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Ruling in RFU v Viagogo could open ticket touts to litigation

By | Published on Friday 23 November 2012


A UK Supreme Court ruling in a legal tussle between ticket-resale website Viagogo and the Rugby Football Union could have a wider impact on the secondary ticketing market, though Viagogo bosses insist the ramifications are not as wide as they first appear.

The RFU sued Viagogo in a bid to secure the names and addresses of people who resold tickets to its games via the secondary ticketing website. Although, with the exception of tickets to football games, it is not illegal to tout tickets in the UK, many sport and entertainment promoters include clauses in their terms and conditions that say that tickets cannot be resold, usually adding that the ticket becomes void if it changes hands via a profit-generating commercial transaction. Therefore anyone who buys a ticket and resells it for profit could be sued for breach of contract.

It’s a clause that is rarely enforced, but as promoters become ever more pissed off with the reselling of their tickets for profit via touting websites, some lawyers have started to wonder if those terms and conditions could be used to [a] force resellers to hand over any profit to the promoter through the courts and [b] to create a deterrent putting off others from reselling tickets for profit at all.

But to sue, the promoter would need to know the identity of a ticket reseller, which is hard when the secondary ticketing sites mask who is actually selling a ticket. Which is why RFU sued Viagogo to get access to the names of sellers, and they won. The rugby authority has told The Guardian that once Viagogo has revealed the identity of the individuals who resold the specific tickets listed in its lawsuit, “appropriate sanctions will be handed down”.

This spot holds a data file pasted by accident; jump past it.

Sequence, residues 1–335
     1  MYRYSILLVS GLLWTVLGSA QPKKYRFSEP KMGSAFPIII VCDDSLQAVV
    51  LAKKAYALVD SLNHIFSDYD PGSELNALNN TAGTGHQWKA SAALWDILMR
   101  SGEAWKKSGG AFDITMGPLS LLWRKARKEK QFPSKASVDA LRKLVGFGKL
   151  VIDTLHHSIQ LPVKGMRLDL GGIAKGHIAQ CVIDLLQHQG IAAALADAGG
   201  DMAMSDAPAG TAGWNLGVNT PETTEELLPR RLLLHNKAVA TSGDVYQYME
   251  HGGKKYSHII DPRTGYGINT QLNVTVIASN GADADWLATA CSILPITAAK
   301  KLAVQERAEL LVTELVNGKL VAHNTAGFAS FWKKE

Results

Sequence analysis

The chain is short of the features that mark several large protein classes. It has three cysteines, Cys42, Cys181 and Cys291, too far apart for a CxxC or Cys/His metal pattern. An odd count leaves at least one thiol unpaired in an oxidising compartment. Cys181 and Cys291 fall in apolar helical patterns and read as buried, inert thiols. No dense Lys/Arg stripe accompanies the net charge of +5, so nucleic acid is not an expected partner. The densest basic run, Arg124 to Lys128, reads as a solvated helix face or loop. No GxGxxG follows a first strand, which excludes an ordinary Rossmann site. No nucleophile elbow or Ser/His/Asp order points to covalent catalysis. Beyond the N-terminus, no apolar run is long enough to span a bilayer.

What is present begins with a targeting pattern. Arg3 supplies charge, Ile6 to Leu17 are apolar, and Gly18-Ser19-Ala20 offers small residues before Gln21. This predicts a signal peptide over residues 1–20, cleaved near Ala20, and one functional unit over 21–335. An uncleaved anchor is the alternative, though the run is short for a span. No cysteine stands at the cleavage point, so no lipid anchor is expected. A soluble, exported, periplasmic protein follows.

After Viagogo’s legal efforts to avoid revealing the identities of its users failed, the RFU told reporters: “Today’s dismissal of Viagogo’s final appeal sets an important precedent for the sporting industry that rights holders should retain the ability to control their ticketing policy and pricing. If a seller is found to be listing these tickets on secondary websites they face tough sanctions, including possible court action”.

But Viagogo said that while the RFU would now likely get access to the names of a handful of individuals who sold tickets via the firm’s platform in the past, moving forward legal claims to identify resellers would not work, because new data protection methods would provide technical barriers to providing any such information.

Viagogo Director Ed Parkinson is quoted by The Guardian thus: “While the RFU may have run off with a handful of names from sales that took place several years ago, I can assure you this will not happen again … Our data protection is now better, so fans may therefore now buy and sell rugby tickets on Viagogo with absolute confidence that their information will be protected in future”.